14. Camellia Cottage
Located in Warrenheip Street is 'Camellia Cottage' (c. 1862), thought to have been built by Dr Casey, the grandfather of Lord Casey, a governor-general of Australia.
The blue plaque explains that: "This pleasing Victorian residence was built for one of Buninyong’s early medical practitioners around 1862. In 1865 Dr. C. Gavin Casey was medical practitioner at Buninyong, living at this site. Later David Davies MLA lived here, followed by the Town Clerk James Jordan in the early years of the twentieth century. From the 1920s, the popular head master at the Buninyong State School, Mr William Nagle, lived here with his family and the house was a social centre of Buninyong."

16. Presbyterian Church
Located in Learmonth Street is the former Presbyterian (now Uniting) church, a Gothic structure which was built in 1860. One of the stained-glass windows depicts Thomas Hastie who served as the clergyman from 1847-1888. Buggies and horses were once tethered in the large shady yard. It became the Uniting Church in 1977.

18. Botanic Gardens
The Buninyong Botanical Gardens, located on the corner of Scott and Inglis Streets, were established in the 1860s. They celebrated their 150th anniversary in 2011.Designed by Ferdinand Von Mueller, who was responsible for Melbourne's Botanical Gardens, they feature a lake, barbecue facilities, a children's playground, 1870s swimming baths which have been converted into a courtyard garden, and the Queen Victoria rotunda (1901). The gardens were created after the local council set aside 10 acres in 1859. For more information check out https://www.buninyong.vic.au/botanic-gardens which describes the gardens as "The Main Gardens consist of an Upper and Lower Section. The Upper Gardens centre around "The Gong", a small lake which is encompassed by a walking path. The ground to the North and East rises steeply to the Roman Catholic Church of St. Peter and Pauls. On these slopes there is a scattering of introduced European trees. This area has been recently developed with specimen trees of the Maple family (Acer species)" and "The picturesque Lower Section of the Botanic Gardens contains an historic Victorian Rotunda, an old walled Swimming Pool (since converted to a garden area), an ornamental pool with an island, and a variety of exotic labelled specimen trees and shrubs."

20 & 21. The Gong and Brewery
On the far side of Cornish Street is a lake known as The Gong or Upper Reservoir. The lake was intended to supply most of the town's water needs. On the southern side of the lake (off Cornish St) is the Buninyong Brewery, a "bluestone and brick structure was built for Robert Allen in 1855. From 1857 until his death in 1873 Thomas Sheppard operated Sheppard’s Crystal Malt Brewery on this site using waters from the Gong. For almost 100 years it was used as a barn and for storage, and fell into disrepair. Since the 1970s it has been restored for use as a home and function venue by its present owner."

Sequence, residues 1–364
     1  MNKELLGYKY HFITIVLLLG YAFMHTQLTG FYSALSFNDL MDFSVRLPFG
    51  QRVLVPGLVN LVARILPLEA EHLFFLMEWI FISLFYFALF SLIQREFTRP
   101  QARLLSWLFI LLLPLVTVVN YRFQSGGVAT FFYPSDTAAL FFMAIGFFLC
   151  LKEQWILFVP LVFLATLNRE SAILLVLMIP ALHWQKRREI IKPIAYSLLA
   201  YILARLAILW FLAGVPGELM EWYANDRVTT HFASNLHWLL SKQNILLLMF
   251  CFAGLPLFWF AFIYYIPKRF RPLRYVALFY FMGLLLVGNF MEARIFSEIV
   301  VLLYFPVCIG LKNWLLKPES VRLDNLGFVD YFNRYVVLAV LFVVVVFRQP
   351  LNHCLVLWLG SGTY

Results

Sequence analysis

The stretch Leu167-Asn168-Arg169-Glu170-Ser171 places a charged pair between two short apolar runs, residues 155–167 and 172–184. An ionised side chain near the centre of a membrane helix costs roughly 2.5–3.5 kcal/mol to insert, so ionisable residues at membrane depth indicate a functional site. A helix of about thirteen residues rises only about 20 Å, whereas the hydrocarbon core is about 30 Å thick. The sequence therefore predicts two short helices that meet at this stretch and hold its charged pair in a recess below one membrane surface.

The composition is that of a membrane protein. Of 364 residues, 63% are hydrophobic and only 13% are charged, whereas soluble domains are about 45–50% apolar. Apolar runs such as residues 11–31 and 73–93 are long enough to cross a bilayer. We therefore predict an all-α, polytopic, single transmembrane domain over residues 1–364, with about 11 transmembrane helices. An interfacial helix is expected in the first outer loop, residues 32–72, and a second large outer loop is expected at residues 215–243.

22. Hastie's Hill
Head north along Lal Lal Street and to the right is Mount Innes, commonly known as Hastie's Hill as Reverend Hastie (the town's first Presbyterian minister) is thought to have established, in 1848, the first Presbyterian school on this hill which offers views over the town. There is also Hastie's Spring which supplied water to the school.

24. Brim Brim
On Lal Lal St is 'Brim Brim', built in 1859-1860 for a local magistrate, Judge Warrington Rogers. It is now a private home.

25. St Peter's and St Paul's Catholic Church
Located in Fisken Street, St Peter's and St Paul's Catholic Church is the oldest church in Buninyong. It was commissioned in 1853 and completed in 1858. It has been considerably altered over the years with a large modern extension being completed in 2013-2014.

27. Town Hall and Court House
Located in Learmonth Street, and built in 1886, is the handsome town hall and court house. The courthouse section has historic displays with a large collection of photographs and local records. The plaque outside explains: "Municipal government came to Buninyong in 1858, and in the early years Council met in various hotels. In 1886 this complex was built to house the Buninyong Borough Council, the Town Hall and the Court House, replacing an earlier building adjacent to the Gardens. The Italianate Town Hall was built of locally produced bricks. The architects were Tappin, Gilbert and Dennehy of Melbourne. The builder was the local, Richard Rennie, and the interior was painted by the firm of Whitlaw and Ruddock. The Court closed in 1980, and the Town Hall moved to the control of the City of Ballarat in 1994."

30. Crown Hotel
Located on the corner of Warrenheip and Learmonth Streets, the Crown Hotel was issued the first inland hotel licence in 1842. This building dates from 1852 when it was opened by George Selleck. It therefore claims to be the oldest continually licensed premises in the state, although the present Gothic-inspired building dates from 1885 after a fire destroyed the original on 31 December, 1884. It was quickly rebuilt with the architect being George Lorimer of Ballarat. The hotel is at the corner of De Soza Park, named after Simon De Soza who made his fortunes on the local goldfields. It was originally the Buninyong Creek and Tannery Reserve as there was a tannery on the creek bank to the west.